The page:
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Wednesday, April 2
Huskies turn 'rebuilding' year into 'career' year

By Nancy Lieberman
Special to

When Sue Bird, Swin Cash, Asjha Jones and Tamika Williams left Connecticut's starting lineup for a spot in the WNBA, everyone seemed to think this would be a rebuilding year for the Huskies, who have no seniors and entered the season with a handful of underclassmen with little experience.

So much for that theory.

Instead, UConn has reached its fourth straight Final Four and is closing in on its second consecutive NCAA title and third in the past four years.

And instead of a rebuilding year, everyone from Diana Taurasi to Maria Conlon are having career years. Instead of folding under pressure, the freshmen have faced every challenge. Everyone on this team is playing at a level higher than they should be.

So how far can this group of overachievers go? Here's our take.

1. What has impressed you most about UConn so far in the NCAA Tournament?
The Huskies' young posts, Barb Turner and Jessica Moore, have been playing really well, and have really given UConn a legitimate post presence. They have combined for 87 points and 45 rebounds while shooting 35-for-63 (56 percent) from the field. Moore, a 6-foot-3 sophomore center (who redshirted the 2000-01 season and averaged 18.4 minutes last season) entered the tournament averaging 10.5 points, but is scoring 11.7 points per game so far in the NCAA Tournament. Turner, a freshman, has kept her average right at 10 points. And although their nearly 22-point combined average falls far short of replacing the 39 points put up every night by Swin Cash, Asjha Jones and Tamika Williams last season, these two youngsters have done a great job replacing the three-headed monster.

2. What has surprised you most about UConn?
The Huskies are always intense defensively. But that intensity never wavers, and UConn's defensive stamina and consistency wears down opponents. That has been especially impressive this season, especially with so many freshmen and inexperienced (players who might not have gotten a lot of minutes last season) players out on the court. Some teams can't close out a game defensively, but the Huskies play hard for 40 minutes. They play the way coach Geno Auriemma wants and are one of the best physically defensive teams in the country.

3. What is UConn's biggest strength and weakness?
The strength is obvious: it's Diana Taurasi. Nobody in the country can do what she does offensively, whether it's shooting the ball or setting up her teammates. And her best assets -- her energy, confidence and leadership -- are the things that never show up in the box score. But Taurasi has taken a group of young, good players and made them think they're stars. On the court, she gives them the ball and puts them in positions where they can't fail, they can't help but look good. Taurasi has given her teammates the confidence to perform at that level.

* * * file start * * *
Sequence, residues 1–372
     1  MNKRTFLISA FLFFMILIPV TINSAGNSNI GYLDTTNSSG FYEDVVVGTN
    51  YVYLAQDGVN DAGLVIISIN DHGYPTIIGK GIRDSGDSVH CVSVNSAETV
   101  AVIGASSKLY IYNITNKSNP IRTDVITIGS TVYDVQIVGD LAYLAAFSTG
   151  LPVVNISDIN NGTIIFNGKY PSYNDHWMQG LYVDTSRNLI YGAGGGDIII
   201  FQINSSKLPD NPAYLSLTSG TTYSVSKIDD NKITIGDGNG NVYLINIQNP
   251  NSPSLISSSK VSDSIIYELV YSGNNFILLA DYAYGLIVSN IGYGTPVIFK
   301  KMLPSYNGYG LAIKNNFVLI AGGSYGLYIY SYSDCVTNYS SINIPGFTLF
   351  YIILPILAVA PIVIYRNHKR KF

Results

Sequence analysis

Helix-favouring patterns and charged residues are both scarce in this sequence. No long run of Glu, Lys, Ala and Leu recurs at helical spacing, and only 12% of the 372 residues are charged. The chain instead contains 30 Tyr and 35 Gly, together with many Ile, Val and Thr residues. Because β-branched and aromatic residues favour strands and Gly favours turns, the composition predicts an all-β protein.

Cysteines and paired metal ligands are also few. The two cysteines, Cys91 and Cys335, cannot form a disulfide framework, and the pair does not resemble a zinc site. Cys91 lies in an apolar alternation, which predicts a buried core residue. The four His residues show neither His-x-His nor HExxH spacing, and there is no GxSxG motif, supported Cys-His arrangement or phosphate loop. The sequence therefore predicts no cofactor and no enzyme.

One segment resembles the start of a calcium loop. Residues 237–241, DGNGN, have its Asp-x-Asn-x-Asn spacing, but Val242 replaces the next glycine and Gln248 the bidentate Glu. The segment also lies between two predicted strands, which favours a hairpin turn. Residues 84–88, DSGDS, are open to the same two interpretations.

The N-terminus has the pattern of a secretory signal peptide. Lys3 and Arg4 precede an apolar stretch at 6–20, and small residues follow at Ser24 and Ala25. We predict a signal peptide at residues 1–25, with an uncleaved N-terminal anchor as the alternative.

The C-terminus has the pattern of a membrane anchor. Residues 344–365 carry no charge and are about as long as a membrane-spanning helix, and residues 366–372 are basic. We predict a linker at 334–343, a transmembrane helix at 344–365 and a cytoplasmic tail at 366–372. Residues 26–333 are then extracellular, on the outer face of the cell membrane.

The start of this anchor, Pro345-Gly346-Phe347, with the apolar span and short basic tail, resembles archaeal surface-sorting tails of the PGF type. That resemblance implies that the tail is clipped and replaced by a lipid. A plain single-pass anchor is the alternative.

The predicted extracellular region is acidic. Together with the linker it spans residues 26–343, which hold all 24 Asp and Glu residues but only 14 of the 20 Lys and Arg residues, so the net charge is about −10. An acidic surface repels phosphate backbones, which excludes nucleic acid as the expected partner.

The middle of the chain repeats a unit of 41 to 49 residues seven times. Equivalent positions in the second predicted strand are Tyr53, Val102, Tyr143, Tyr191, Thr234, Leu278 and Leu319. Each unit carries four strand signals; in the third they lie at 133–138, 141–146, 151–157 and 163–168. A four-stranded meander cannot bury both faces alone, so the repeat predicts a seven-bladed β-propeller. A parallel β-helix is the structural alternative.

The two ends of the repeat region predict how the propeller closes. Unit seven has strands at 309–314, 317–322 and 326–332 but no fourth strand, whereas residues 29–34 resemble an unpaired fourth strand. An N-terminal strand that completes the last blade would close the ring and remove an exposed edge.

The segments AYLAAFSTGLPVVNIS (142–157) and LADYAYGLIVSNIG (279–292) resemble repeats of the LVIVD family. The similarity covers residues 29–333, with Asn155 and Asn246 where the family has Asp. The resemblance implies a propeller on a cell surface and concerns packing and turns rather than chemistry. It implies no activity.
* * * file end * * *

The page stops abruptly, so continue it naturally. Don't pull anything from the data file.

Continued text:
There is no glaring weakness, and the only thing that is suspect is the unknown. Other than Taurasi, none of these players saw significant minutes last season at the Final Four. Conlon averaged 10 minutes in two games. Moore averaged 12 and Battle averaged six. Still, with four NCAA Tournament games behind them, the freshmen already have proved they can play under pressure. And this team did a great job of regrouping and refocusing after the loss to Villanova.

4. What does coach Geno Auriemma need to focus on?
Texas is playing incredibly well and this is going to be a tough matchup, especially in the paint and low post. UConn is quicker in the post; Texas has more muscle. But the real matchup for the Huskies might be Longhorns sophomore Heather Schreiber, who scored a career-high 32 points Tuesday. She's a Windthorst, Texas, native, but Schreiber's game has a European flair, and she's reminiscent of the NBA's Dirk Nowitzki or Toni Kukoc. She's big enough to post you, but also quick enough to take you off the dribble. And she's going to drag you just a little bit farther from the basket than you want to be. Texas Tech's Plenette Pierson, an absolutely great player, struggled time and again this season against Schreiber when she was forced to go out and guard her on the perimeter. So although Turner and Moore give UConn its first legitimate post presence in a couple years, they will be greatly tested. But their athleticism should help them against Schreiber, who's just very deceptive.

5. What does UConn need to do to win the NCAA title?
Staying out of foul trouble is key. Taurasi, Turner and freshman guard Ann Strother each had four fouls Tuesday, accounting for 12 of the team's 19 personal fouls. That's not a good stat. As a result, Taurasi played 31 minutes (she averaged 35 in her previous two games after the first-round blowout over Boston U.) and Strother was limited to 28, five short of what she averaged in UConn's past two outings. Taurasi needs to be able to play 40 minutes if needed.

The Huskies also must play good interior defense and get good rotation if they choose to double from the posts. And that means team defense is very important. And while Taurasi has carried and will continue to carry this team, her supporting cast needs to continue to step up.

Nancy Lieberman, an ESPN analyst and Hall of Famer, is a regular contributor to's women's basketball coverage. Contact her at

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